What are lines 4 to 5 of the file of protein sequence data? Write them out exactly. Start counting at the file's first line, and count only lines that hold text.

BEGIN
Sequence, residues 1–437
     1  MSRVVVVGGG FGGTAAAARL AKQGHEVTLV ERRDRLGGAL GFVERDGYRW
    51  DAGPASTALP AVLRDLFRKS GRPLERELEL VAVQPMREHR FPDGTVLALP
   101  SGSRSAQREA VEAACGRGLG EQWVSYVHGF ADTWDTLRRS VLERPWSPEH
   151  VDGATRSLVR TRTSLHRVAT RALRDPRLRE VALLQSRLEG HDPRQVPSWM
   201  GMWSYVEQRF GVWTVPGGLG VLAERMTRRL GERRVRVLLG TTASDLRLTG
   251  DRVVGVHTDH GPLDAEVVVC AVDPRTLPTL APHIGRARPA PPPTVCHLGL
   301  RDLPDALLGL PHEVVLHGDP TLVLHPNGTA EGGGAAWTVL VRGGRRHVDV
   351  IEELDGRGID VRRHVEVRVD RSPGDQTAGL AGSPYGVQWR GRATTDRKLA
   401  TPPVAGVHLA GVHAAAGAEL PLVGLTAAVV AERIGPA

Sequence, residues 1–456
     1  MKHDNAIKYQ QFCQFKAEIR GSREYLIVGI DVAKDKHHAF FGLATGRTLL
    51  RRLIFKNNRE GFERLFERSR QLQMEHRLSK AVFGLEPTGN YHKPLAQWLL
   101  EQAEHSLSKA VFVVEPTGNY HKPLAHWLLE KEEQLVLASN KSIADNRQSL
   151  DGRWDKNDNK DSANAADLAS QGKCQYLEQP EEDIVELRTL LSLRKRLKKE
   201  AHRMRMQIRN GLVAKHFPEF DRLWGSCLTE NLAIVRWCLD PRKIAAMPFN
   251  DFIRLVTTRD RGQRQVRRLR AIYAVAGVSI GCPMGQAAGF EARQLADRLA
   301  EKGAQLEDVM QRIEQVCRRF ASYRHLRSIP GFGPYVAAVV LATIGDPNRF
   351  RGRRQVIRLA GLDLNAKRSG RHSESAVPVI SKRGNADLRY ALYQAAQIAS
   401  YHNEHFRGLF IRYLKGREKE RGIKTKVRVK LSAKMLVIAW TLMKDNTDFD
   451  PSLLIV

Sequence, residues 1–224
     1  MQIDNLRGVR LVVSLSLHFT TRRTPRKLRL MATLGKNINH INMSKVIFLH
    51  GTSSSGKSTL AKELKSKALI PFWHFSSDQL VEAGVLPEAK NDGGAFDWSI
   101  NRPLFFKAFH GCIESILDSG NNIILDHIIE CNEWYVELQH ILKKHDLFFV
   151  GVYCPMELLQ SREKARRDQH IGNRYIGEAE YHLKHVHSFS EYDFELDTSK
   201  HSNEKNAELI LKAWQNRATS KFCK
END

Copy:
   101  SGSRSAQREA VEAACGRGLG EQWVSYVHGF ADTWDTLRRS VLERPWSPEH
   151  VDGATRSLVR TRTSLHRVAT RALRDPRLRE VALLQSRLEG HDPRQVPSWM